Time is ticking for a group of citizens trying to recall Colorado Springs City Councilwoman Helen Collins.
Group members have braved freezing temperatures as they collect signatures aimed at placing a recall question on the April ballot.
But the recall effort has some District 4 residents scratching their heads over the motivation behind the effort. Collins represents the southeast side of Colorado Springs.
"The people who brought this up about Helen Collins, I have not seen them support any issues in the Deerfield Hills area," said Doug Jones, a neighborhood activist since 1979 and a member of the Citizens Advisory Committee who works with Colorado Springs Police Department's Sand Creek division.
Jones said Collins is visible in the community, participating in neighborhood cleanup efforts and attending neighborhood meetings and block parties. He said she has "gone to bat" for the district.
Collins has a record of voting against utility fee increases, saying residents in her district cannot afford the hikes.
She wrote an ordinance to lower or eliminate city business license fees, which passed but then was vetoed by the mayor. She supported former Councilman Joel Miller's effort to make it more difficult for the city to take private property for development, which also failed.
She did not support the proposed November ballot question calling for a regional stormwater authority and property tax fee, which was rejected by voters in four cities and part of El Paso County.
Most recently, she floated a proposal to ask voters to reassign money within the Pikes Peak Rural Transportation Authority - to take money earmarked for transit and move it to stormwater projects.
In December, three residents - Deborah Hendrix, a former Harrison School District 2 board president, Victor Torres, president of the Harrison school board, and Woody Longmire, the district's coordinator of student services, filed an affidavit to start the recall.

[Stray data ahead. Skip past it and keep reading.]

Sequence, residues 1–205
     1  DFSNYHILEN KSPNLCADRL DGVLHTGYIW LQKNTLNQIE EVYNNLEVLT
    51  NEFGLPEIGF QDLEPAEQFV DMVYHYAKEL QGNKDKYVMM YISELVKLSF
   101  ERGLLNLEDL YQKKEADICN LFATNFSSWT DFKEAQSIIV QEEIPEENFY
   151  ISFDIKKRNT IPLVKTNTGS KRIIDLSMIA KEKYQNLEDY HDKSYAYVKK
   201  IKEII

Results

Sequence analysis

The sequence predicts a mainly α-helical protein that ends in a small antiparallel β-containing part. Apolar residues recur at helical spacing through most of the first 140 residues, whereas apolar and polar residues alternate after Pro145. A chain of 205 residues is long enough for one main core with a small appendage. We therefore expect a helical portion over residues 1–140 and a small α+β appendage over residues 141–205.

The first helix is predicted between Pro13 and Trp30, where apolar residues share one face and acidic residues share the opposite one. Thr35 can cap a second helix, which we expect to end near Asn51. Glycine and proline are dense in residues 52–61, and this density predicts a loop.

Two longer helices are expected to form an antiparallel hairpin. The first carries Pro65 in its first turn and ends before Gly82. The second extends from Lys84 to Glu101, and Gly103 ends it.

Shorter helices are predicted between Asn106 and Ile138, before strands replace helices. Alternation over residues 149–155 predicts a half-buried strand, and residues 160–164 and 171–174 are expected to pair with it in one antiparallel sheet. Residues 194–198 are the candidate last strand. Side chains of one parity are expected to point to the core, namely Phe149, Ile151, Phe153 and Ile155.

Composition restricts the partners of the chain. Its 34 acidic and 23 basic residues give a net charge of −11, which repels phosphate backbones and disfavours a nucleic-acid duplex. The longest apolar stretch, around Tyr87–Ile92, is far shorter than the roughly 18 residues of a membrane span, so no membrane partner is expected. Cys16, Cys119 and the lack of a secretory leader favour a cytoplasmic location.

They have until 5 p.m. Thursday to turn in 1,485 valid signatures from Collins' district to get the recall question on the April 7 ballot.
If the group is successful, Collins will have five days to decide if she wants to resign or stay in office. If she opts to stay, City Clerk Sarah Johnson would open a candidate filing period for anyone who wants to run for Collins' seat. Those names would be placed on the April 7 ballot along with the recall question, Johnson said.
Council president Keith King said Collins has worked hard to represent her district.
"A recall effort is unfortunate, but it is part of the process," he said.
Signature collectors knocked on doors through the holiday season. It's unclear if they are paid or are volunteers. Hendrix, Torres and Longmire could not be reached Monday for comment. The group collecting signatures is required to turn in a list of paid petition circulators at the time it turns in its petition, Johnson said.
Meanwhile, someone knocked on Dennis Moore's door for a signature. Moore, a member of the neighborhood watch group who ran against Collins in 2013, said he refused to sign the petition.
"People like Helen, she speaks her mind," he said.
Moore said he had a bad feeling about the motives to remove Collins and believes the efforts are not coming from District 4 residents.
"She's an easy target to remove to ensure a sixth vote; to me this stinks of people who want someone with their way of thinking," Moore said.
Collins did not return phone calls seeking comment.
In a December interview with The Gazette, Hendrix said Collins' opposition to the November stormwater proposal was among the reasons for the recall effort.
Yet an overwhelming majority of voters in District 4 voted against the proposal.
Dede Laugesen, executive director of the newly formed group Colorado Springs Government Watch, said her group has heard concerns from District 4 residents that Collins takes policy advice from Douglas Bruce, who is best known as the author of Colorado's tax limitation law, the Taxpayer's Bill of Rights, or TABOR.
The nonprofit Government Watch formed in November, and has not revealed its board of directors. Laugesen said the group is not connected to the recall effort.
Laugesen said that Collins' recent proposal to ask voters to reassign RTA money from transit to stormwater smacks of Bruce's rain tax language. Government Watch filed a request, under the Colorado Open Records Act, asking Collins for all her email and written correspondence with Bruce.
"There is a real sense that people are represented by Douglas Bruce - that she is taking marching orders from Douglas Bruce," Laugesen said. "We feel the people of her district are not being served by her recalcitrance."
Moore said he's never heard such concerns raised in neighborhood meetings.
"I question that," he said. "I have great doubt that it bubbled up from the citizens in this district."
Moore, who is retired from the Air Force, added: "If you've been in the military for 20-plus years, you don't just blindly follow anyone."
Bruce said that he talks to Collins about a variety of issues, and the two don't always agree.
"There is no there there," he said. "She is not a puppet. She's an independent person."
Contact Monica Mendoza: 636-0187
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